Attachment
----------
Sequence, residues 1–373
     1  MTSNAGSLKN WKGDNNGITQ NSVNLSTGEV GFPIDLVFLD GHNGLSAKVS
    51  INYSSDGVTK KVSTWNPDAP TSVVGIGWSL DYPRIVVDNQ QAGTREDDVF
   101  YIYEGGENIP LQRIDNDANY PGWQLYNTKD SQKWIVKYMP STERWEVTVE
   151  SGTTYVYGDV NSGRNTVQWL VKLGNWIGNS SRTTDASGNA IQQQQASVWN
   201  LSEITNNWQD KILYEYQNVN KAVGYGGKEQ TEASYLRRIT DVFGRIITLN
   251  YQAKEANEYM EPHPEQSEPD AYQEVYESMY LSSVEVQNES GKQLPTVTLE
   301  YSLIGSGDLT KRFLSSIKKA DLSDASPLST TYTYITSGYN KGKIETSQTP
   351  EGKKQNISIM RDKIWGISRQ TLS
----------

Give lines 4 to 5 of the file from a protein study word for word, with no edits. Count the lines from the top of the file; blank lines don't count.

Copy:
   101  YIYEGGENIP LQRIDNDANY PGWQLYNTKD SQKWIVKYMP STERWEVTVE
   151  SGTTYVYGDV NSGRNTVQWL VKLGNWIGNS SRTTDASGNA IQQQQASVWN